Sri Lanka, the nation hardest hit by the tidal waves that wrecked damage across Asia, reported a death toll up to 18,706 on Tuesday. As the relief efforts begin to get underway, NBC News' Ned Colt reports from Colombo, Sri Lanka's capital, on the devastation in the country.
Can you describe the scene of devastation?
Colombo is affected, but minimally compared to the rest of the country.
We took a trip down about 40 miles down the west coast this morning, which was not as badly hit as the east coast and southern coast.
What we saw all along the waterfront, I’d say four out of five homes had been literally leveled.
Yes, these were ramshackle huts to begin with -- homes to carpenters and fishermen and others, but they said that this came out of nowhere.
They saw the water recede early on Sunday morning while many of them were having breakfast and didn’t know what it all meant. But then a few minutes later, three huge waves, at least 12 feet high, pounded over a revetment and washed through their homes, literally knocking down their homes and pushing some of them as much as a few hundred yards inland.
Down there now you can see that the telephone poles are twisted and bent. The railroad ties have been shifted. They were doing work on the train this morning when we were down there.
But we also saw were lots of trucks headed south, full of everything from food, water, clothing, clearly on their way to more hard hit areas in the southern part of the country.
We’re also hearing reports that the government here is shuttling in doctors by helicopter to get them to those sites that are, as of yet, unreachable.
How is the relief effort progressing?
What we’ve seen on the ground has been in a very local fashion -- a Sri Lankan effort thus far.
But then if you speak to the Red Cross and other aid organizations, clearly they are starting to push forward on getting aid in here -- a variety of aid, as well as the personnel that are needed. I know that a Finnish team, as well as a French team, came in today. Search and aid teams are arriving to help in rescuing as well as trying to rebuild so many of these damaged water front communities.
What is the biggest problem facing the relief efforts?
The International Red Cross is worried that there could be a problem with malaria, as well as cholera, because of all the stagnant water, and the salt water that has contaminated the drinking water. So much of the drinking water is contaminated in some way, shape, or form and the worry is that’s going to mean trouble in terms of long term health.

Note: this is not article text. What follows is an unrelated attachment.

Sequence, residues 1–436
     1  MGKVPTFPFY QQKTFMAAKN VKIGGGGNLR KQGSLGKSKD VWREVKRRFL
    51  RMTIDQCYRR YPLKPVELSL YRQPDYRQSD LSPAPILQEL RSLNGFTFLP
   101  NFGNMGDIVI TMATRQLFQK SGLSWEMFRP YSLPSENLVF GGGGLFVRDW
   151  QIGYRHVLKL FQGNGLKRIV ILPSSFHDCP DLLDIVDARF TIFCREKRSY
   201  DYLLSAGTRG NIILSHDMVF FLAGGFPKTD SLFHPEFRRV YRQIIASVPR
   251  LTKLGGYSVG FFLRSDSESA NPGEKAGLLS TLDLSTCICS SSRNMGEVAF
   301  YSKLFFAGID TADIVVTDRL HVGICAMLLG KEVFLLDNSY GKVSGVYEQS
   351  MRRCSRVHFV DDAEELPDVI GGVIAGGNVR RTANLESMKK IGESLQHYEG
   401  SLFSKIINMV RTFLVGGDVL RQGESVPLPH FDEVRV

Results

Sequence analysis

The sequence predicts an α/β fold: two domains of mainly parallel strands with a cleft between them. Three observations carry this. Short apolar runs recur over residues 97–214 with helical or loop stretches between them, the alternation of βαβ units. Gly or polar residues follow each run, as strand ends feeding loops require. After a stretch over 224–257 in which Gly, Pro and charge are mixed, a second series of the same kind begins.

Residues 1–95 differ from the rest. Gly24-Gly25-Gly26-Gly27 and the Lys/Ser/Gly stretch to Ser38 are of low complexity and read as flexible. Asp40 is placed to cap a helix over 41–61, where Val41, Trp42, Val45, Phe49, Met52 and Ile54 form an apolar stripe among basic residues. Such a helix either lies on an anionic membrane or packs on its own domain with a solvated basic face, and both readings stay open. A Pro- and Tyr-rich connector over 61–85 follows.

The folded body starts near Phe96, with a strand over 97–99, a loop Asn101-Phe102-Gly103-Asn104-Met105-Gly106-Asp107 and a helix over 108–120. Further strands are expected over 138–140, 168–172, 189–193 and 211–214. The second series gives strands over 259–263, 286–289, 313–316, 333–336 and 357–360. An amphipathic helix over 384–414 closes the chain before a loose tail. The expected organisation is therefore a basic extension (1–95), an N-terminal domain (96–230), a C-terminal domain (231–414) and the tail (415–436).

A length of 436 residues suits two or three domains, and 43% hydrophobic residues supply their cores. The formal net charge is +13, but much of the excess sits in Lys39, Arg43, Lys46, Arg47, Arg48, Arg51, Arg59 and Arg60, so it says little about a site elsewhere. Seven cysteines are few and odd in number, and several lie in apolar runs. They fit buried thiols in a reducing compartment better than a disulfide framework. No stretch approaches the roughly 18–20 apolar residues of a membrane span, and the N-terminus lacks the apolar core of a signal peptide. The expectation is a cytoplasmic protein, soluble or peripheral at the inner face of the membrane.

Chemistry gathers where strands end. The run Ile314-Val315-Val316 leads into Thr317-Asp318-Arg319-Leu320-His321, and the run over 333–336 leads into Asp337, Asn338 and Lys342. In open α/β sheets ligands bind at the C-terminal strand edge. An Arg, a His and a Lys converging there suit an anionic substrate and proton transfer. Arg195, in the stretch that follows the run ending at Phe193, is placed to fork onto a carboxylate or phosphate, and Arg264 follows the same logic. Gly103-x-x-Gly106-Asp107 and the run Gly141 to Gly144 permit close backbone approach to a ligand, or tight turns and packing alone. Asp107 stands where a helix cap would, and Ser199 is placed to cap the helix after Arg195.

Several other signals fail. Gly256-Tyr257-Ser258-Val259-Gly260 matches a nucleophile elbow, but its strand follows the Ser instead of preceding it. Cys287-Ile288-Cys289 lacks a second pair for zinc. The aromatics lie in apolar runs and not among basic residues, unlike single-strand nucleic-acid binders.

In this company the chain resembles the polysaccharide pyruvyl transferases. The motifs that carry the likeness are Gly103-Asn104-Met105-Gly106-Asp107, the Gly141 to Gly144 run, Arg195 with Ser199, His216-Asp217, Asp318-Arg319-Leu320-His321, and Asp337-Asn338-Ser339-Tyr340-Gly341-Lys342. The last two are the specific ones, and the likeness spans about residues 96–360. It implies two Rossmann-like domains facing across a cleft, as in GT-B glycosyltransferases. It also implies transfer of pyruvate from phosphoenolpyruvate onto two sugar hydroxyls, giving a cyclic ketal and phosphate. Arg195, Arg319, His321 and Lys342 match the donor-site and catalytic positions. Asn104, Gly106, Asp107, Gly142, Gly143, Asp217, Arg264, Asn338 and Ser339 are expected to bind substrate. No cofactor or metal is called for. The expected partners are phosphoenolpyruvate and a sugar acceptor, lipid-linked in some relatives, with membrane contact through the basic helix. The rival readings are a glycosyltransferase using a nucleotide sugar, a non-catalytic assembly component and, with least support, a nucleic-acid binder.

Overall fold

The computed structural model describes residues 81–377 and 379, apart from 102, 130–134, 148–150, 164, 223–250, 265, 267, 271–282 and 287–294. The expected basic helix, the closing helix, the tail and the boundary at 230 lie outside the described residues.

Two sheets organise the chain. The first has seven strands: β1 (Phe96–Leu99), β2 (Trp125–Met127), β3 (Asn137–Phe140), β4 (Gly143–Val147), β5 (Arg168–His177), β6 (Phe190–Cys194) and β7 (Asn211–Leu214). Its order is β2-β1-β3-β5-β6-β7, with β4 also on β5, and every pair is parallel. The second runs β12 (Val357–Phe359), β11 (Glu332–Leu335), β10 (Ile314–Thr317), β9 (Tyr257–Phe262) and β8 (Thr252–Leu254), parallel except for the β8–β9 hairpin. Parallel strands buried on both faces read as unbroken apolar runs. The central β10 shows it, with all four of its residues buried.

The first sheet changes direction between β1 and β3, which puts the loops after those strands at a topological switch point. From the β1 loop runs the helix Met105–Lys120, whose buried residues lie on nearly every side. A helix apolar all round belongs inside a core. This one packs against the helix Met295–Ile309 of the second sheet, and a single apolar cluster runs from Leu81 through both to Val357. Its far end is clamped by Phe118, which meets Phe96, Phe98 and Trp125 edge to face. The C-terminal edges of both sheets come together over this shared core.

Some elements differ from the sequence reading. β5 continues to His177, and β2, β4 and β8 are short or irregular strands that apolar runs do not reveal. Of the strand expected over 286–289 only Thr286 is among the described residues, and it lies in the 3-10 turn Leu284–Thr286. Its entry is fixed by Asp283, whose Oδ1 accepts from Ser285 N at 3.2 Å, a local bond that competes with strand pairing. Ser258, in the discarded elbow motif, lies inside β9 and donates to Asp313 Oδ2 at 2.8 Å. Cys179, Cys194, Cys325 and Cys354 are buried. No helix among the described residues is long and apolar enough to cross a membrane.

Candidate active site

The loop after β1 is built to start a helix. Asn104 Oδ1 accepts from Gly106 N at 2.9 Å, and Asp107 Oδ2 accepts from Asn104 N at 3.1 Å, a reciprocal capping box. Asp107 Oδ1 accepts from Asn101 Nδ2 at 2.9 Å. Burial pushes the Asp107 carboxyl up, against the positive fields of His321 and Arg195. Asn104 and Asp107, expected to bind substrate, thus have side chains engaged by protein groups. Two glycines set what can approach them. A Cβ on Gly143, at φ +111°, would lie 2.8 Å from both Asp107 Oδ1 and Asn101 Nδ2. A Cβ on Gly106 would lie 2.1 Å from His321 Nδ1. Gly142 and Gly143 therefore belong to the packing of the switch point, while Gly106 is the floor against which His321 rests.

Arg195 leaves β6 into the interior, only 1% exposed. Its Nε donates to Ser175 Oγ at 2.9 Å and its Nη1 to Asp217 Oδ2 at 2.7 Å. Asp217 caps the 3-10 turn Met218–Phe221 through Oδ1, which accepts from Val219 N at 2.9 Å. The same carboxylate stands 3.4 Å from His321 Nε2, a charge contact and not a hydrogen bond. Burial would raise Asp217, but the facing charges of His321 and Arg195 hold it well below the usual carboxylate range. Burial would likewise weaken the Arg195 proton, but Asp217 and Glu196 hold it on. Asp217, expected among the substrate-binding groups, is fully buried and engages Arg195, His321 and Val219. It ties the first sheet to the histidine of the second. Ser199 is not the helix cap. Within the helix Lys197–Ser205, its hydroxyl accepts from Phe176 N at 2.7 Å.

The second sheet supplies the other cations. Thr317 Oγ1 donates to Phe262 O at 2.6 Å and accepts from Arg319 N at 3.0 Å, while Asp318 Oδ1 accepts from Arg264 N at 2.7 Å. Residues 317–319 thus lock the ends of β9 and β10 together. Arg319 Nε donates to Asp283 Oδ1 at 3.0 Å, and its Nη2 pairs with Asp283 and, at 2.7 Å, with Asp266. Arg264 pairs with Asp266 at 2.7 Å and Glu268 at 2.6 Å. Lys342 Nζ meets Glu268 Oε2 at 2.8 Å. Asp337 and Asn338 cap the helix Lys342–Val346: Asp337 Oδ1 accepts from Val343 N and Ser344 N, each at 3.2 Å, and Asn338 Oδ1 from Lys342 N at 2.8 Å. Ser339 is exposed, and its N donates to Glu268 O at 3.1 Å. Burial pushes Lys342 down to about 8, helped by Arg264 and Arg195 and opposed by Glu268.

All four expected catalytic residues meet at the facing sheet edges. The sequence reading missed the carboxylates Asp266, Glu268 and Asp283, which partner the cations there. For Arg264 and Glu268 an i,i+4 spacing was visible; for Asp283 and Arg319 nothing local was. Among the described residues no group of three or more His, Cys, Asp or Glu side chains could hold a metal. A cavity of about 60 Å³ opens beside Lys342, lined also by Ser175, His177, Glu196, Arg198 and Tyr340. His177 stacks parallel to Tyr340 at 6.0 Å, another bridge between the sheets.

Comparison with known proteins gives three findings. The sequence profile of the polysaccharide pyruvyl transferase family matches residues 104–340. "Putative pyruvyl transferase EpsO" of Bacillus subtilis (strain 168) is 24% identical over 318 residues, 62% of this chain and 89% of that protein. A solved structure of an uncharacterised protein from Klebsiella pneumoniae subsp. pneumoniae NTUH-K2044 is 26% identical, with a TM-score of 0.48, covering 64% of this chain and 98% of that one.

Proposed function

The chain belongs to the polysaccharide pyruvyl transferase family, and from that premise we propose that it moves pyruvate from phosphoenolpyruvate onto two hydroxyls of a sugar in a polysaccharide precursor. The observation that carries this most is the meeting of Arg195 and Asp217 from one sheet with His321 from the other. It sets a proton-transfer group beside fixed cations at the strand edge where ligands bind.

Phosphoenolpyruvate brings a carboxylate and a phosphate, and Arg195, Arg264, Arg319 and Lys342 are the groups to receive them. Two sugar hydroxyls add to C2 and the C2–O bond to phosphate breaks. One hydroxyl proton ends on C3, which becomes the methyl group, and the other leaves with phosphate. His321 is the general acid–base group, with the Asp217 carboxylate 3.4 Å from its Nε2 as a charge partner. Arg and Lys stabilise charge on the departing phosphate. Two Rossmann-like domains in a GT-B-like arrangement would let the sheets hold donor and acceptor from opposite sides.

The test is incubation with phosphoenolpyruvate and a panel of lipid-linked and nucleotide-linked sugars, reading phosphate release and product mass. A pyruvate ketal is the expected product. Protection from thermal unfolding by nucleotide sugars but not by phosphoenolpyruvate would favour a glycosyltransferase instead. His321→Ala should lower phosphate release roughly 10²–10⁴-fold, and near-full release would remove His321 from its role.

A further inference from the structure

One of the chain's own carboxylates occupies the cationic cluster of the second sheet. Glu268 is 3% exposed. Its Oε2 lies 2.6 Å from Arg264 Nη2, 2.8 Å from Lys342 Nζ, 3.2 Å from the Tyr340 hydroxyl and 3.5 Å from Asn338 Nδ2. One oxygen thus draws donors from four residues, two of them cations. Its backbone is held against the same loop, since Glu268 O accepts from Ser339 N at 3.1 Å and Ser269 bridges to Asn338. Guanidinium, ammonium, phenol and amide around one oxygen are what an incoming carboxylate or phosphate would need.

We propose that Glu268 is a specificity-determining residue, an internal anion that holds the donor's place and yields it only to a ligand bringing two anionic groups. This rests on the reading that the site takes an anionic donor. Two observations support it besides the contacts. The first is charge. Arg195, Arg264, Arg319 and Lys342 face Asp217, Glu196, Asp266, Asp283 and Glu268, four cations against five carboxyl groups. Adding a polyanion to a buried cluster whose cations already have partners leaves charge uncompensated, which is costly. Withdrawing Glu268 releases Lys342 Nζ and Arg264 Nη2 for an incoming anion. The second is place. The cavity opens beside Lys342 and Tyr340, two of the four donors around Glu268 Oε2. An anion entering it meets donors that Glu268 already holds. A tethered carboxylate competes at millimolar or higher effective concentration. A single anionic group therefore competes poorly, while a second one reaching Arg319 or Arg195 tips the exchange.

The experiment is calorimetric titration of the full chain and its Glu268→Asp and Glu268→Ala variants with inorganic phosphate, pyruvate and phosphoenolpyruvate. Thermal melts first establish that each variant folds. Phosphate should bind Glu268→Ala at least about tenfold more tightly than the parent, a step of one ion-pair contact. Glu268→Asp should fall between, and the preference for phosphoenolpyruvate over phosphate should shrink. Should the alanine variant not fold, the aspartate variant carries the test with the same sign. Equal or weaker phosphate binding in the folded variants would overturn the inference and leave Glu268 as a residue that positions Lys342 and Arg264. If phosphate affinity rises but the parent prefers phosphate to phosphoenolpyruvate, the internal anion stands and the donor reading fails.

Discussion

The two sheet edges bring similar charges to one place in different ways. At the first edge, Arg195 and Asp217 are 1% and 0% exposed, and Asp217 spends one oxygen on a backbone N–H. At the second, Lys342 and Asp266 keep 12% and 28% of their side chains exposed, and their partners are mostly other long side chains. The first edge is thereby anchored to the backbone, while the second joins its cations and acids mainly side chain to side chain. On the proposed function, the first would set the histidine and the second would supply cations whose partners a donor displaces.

One of the things they are clearly trying to do is to get the bodies out, because the bodies are rotting where they lie. And there are so many of them that they present a health risk as well.
Down in Galle, one of the worst affected areas in the southern tip of Sri Lanka, apparently police were using megaphones to call on surviving residents to bring out their dead and pile them by the street so they could be buried in mass graves.
What part of the population was most adversely affected?
I heard that a large number of victims were women & children, because of a lack of swimming abilities. The men who live on the coast are often fishermen, so the women and children who might have been inside their homes early Sunday morning were literally swept away as the water swept through their homes.
What is the status of foreign tourists and travelers in Sri Lanka?
Here in Colombo, the hotels are packed with tourists -- many of them Scandinavian, Germans, British. Many were given the opportunity to stay and try to enjoy the remainder of their vacations at the coastal resorts. But they are all trying to leave now. Primarily just because the situation now is fairly untenable. I don’t think they are worried about a repeat of the tsunamis. But, in speaking with them, it’s difficult because it’s taking days to get power back and food will likely be an issue, that sort of thing.
It’s surprising how many are here -- a lot of them are planning on sticking around and go up to the hill country and try to put this behind them. Many have been impressed with the Sri Lankans themselves, the workers at the hotels supplying them with clothes and food.
With the death toll so huge, are there any specific stories you have seen or heard that can help give a human face to the tragedy?
Speaking with people who survived, primarily them talking about how they made it through and are astounded that they did survive given what happened.
Survivors describing watching on this beautiful, sunny Sunday morning looking out over the sea and all of a sudden seeing the ocean recede and then come back with such a fury. And tearing through lobbies of hotels, taking everything with it, many people are clearly still traumatized by this.
The image that’s in their minds when you hear them speak, it’s clearly very powerful.